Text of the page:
1. ## dimension

hello
what's the dimension of the subspace $\displaystyle F$ of $\displaystyle \mathfrak{F}(\mathbb{R},\mathbb{R})$ spanned by $\displaystyle f_1(x)=\sin^2(x),f_2(x)=\cos^2(x),f_3(x)=\sin(2x)$ and $\displaystyle f_4(x)=\cos(2x)$
thanks.

2. Originally Posted by Raoh
hello
what's the dimension of the subspace $\displaystyle F$ of $\displaystyle \mathfrak{F}(\mathbb{R},\mathbb{R})$ spanned by $\displaystyle f_1(x)=\sin^2(x),f_2(x)=\cos^2(x),f_3(x)=\sin(2x)$ and $\displaystyle f_4(x)=\cos(2x)$
thanks.
you should explain very clearly what your vector space is. just using a non-standard and weird notation such as $\displaystyle \mathfrak{F}(\mathbb{R},\mathbb{R})$ is not good enough. i guess your vector space is the $\displaystyle \mathbb{R}$-vector space of

all real-valued functions defined on $\displaystyle \mathbb{R}$. then $\displaystyle \dim_{\mathbb{R}}F=2$ and $\displaystyle \{\sin^2 x, \sin (2x) \}$ is a basis for $\displaystyle F.$

Edit: i meant $\displaystyle \dim_{\mathbb{R}} F=3$ and $\displaystyle \{1,\sin^2x, \sin(2x) \}$ is a basis for $\displaystyle F.$ sorry for the mistake.

3. Originally Posted by NonCommAlg
you should explain very clearly what your vector space is. just using a non-standard and weird notation such as $\displaystyle \mathfrak{F}(\mathbb{R},\mathbb{R})$ is not good enough. i guess your vector space is the $\displaystyle \mathbb{R}$-vector space of

all real-valued functions defined on $\displaystyle \mathbb{R}$. then $\displaystyle \dim_{\mathbb{R}}F=2$ and $\displaystyle \{\sin^2 x, \sin (2x) \}$ is a basis for $\displaystyle F.$
your guess was right,anyway would you show me how you got that basis.
thank you.

4. Originally Posted by NonCommAlg
you should explain very clearly what your vector space is. just using a non-standard and weird notation such as $\displaystyle \mathfrak{F}(\mathbb{R},\mathbb{R})$ is not good enough. i guess your vector space is the $\displaystyle \mathbb{R}$-vector space of

all real-valued functions defined on $\displaystyle \mathbb{R}$. then $\displaystyle \dim_{\mathbb{R}}F=2$ and $\displaystyle \{\sin^2 x, \sin (2x) \}$ is a basis for $\displaystyle F.$
I don't think this is right since assume there exist $\displaystyle a,b \in \mathbb{R}$ such that $\displaystyle \cos ^2 (x)= a\sin (2x) + b\sin ^2 (x)=2a \sin (x) \cos (x) + b\sin ^2 (x)$ then evaluation in $\displaystyle 0$ gives $\displaystyle 1=0$. Thus $\displaystyle A= \{ \sin ^2 (x), \cos ^2 (x) , \sin (2x) \}$ is l.i. and since $\displaystyle \cos ^2 (x) - \sin ^2 (x) = \cos (2x)$ we get that $\displaystyle A$ is a basis for $\displaystyle F$.

5. Originally Posted by Jose27
I don't think this is right since assume there exist $\displaystyle a,b \in \mathbb{R}$ such that $\displaystyle \cos ^2 (x)= a\sin (2x) + b\sin ^2 (x)=2a \sin (x) \cos (x) + b\sin ^2 (x)$ then evaluation in $\displaystyle 0$ gives $\displaystyle 1=0$. Thus $\displaystyle A= \{ \sin ^2 (x), \cos ^2 (x) , \sin (2x) \}$ is l.i. and since $\displaystyle \cos ^2 (x) - \sin ^2 (x) = \cos (2x)$ we get that $\displaystyle A$ is a basis for $\displaystyle F$.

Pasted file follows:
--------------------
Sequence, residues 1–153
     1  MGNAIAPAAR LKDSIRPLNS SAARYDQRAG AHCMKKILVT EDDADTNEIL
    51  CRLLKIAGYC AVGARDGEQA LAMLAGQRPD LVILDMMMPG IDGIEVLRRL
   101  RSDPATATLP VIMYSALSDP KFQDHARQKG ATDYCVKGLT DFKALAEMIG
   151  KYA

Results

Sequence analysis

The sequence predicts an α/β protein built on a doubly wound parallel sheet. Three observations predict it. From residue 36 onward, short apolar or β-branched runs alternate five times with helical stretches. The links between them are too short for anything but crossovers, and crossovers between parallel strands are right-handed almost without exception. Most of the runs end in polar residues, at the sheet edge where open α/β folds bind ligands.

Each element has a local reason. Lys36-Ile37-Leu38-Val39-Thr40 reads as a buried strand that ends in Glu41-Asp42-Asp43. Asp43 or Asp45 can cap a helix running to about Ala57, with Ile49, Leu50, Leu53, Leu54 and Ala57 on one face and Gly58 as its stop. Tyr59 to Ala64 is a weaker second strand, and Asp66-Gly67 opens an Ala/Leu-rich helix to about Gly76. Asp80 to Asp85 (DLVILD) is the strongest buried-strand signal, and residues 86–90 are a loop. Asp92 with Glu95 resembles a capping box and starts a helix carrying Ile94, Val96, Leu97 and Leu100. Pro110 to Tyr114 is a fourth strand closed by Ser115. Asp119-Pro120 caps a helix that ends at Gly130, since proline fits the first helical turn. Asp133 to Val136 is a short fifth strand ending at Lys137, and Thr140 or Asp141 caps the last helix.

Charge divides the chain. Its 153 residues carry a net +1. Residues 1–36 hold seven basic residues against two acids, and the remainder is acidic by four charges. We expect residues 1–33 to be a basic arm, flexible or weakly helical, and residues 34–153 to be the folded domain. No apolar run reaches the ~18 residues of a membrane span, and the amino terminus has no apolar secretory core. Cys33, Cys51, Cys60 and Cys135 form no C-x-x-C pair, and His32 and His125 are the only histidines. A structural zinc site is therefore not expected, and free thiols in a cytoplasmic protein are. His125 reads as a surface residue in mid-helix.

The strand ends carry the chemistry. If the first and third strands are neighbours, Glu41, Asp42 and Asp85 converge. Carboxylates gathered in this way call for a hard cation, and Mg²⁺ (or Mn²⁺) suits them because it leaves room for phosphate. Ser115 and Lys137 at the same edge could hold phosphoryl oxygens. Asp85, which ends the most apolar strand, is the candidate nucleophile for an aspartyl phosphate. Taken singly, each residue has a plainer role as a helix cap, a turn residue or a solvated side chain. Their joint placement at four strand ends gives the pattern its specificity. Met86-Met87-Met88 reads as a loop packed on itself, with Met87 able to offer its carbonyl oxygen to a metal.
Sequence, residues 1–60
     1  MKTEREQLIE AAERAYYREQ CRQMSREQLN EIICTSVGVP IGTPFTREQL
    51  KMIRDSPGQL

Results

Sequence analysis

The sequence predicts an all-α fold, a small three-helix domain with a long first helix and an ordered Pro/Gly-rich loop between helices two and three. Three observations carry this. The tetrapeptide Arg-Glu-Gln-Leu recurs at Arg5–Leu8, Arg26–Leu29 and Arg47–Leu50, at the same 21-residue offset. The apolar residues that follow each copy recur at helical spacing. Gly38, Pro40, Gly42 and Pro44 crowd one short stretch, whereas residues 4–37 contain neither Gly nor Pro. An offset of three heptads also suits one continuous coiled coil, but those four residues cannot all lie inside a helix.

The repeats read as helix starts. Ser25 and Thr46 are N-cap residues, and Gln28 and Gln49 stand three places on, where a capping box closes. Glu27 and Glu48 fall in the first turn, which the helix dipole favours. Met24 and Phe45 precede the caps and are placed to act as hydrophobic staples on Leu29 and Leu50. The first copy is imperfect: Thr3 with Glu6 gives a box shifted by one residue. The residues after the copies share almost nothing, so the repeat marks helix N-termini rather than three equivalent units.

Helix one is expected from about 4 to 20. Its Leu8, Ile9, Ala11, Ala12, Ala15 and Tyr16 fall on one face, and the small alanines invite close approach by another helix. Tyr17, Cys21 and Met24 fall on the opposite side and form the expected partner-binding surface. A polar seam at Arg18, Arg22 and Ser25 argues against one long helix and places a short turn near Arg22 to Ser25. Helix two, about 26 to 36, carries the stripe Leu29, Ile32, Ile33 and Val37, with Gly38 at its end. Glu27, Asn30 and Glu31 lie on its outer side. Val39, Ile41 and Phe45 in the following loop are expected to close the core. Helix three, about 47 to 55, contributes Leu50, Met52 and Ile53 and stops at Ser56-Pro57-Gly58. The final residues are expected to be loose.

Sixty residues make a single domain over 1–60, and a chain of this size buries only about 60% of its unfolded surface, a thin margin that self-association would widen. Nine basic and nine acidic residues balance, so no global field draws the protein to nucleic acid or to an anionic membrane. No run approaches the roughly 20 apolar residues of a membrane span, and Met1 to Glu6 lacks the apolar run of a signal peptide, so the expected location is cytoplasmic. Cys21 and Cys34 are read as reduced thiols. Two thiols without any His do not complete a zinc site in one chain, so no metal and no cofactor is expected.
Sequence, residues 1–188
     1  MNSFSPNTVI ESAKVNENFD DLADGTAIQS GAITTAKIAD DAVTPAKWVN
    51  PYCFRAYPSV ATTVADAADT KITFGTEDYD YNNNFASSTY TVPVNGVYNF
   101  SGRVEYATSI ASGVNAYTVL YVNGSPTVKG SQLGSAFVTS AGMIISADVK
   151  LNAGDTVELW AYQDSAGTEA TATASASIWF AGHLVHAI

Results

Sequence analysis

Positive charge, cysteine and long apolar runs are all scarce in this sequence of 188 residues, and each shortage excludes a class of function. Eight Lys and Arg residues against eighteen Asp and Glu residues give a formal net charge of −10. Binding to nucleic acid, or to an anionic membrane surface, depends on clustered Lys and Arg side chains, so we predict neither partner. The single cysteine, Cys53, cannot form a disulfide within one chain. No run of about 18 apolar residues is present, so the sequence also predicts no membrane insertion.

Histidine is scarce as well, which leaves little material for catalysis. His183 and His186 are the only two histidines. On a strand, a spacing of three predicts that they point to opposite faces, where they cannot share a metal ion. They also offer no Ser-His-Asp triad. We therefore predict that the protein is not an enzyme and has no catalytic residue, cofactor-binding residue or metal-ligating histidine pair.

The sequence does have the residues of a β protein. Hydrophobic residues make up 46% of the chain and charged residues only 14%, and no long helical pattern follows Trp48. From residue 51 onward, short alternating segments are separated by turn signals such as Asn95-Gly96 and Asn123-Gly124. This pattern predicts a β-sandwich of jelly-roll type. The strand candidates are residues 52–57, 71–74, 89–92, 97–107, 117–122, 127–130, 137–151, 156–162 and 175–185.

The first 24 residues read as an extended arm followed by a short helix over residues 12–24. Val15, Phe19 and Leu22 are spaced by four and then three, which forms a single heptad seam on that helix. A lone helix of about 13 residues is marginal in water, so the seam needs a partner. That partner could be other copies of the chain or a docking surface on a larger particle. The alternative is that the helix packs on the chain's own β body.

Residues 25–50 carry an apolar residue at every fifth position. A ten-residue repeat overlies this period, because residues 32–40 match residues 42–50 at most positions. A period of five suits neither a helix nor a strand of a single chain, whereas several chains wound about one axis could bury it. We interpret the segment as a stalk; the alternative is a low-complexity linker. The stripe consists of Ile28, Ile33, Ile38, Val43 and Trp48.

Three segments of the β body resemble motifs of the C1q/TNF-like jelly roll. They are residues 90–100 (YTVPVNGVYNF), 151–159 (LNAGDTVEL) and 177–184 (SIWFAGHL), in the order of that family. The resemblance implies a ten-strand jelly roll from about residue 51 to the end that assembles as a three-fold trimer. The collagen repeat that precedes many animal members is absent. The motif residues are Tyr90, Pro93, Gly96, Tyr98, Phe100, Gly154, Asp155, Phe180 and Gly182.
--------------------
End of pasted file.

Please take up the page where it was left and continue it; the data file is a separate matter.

hi "Jose27" would you please explain the method you used to find that basis.
thanks.

6. Assume $\displaystyle \sin ^2(x) = a \sin (2x)$ for some $\displaystyle a\in \mathbb{R}$ then evaluation in $\displaystyle \frac{\pi }{2}$ will give $\displaystyle 1=0$ so these two functions are l.i. Then by my previous post we get that $\displaystyle \cos ^2 (x) \notin span \{ \sin ^2 (x), \sin (2x) \}$ so it must be that these three are l.i. but again by my previous post $\displaystyle \cos (2x) \in span(A)$ so $\displaystyle A$ is a basis for $\displaystyle F$.

7. Originally Posted by Jose27
Assume $\displaystyle \sin ^2(x) = a \sin (2x)$ for some $\displaystyle a\in \mathbb{R}$ then evaluation in $\displaystyle \frac{\pi }{2}$ will give $\displaystyle 1=0$ so these two functions are l.i. Then by my previous post we get that $\displaystyle \cos ^2 (x) \notin span \{ \sin ^2 (x), \sin (2x) \}$ so it must be that these three are l.i. but again by my previous post $\displaystyle \cos (2x) \in span(A)$ so $\displaystyle A$ is a basis for $\displaystyle F$.
one final question
what is the first step to do to answer this kind of questions ?
thanks "Jose27"

8. I guess trying to determine if they're l.i. To do this pick one vector then add another, see if it's l.i then add another etc.

9. Originally Posted by Jose27
I guess trying to determine if they're l.i. To do this pick one vector then add another, see if it's l.i then add another etc.
Got that,thanks "Jose27"

10. Originally Posted by Jose27
I don't think this is right since assume there exist $\displaystyle a,b \in \mathbb{R}$ such that $\displaystyle \cos ^2 (x)= a\sin (2x) + b\sin ^2 (x)=2a \sin (x) \cos (x) + b\sin ^2 (x)$ then evaluation in $\displaystyle 0$ gives $\displaystyle 1=0$. Thus $\displaystyle A= \{ \sin ^2 (x), \cos ^2 (x) , \sin (2x) \}$ is l.i. and since $\displaystyle \cos ^2 (x) - \sin ^2 (x) = \cos (2x)$ we get that $\displaystyle A$ is a basis for $\displaystyle F$.
i actually had $\displaystyle \{1,\sin^2x, \sin(2x) \}$ in my mind but i wrote something else. thanks for noticing that.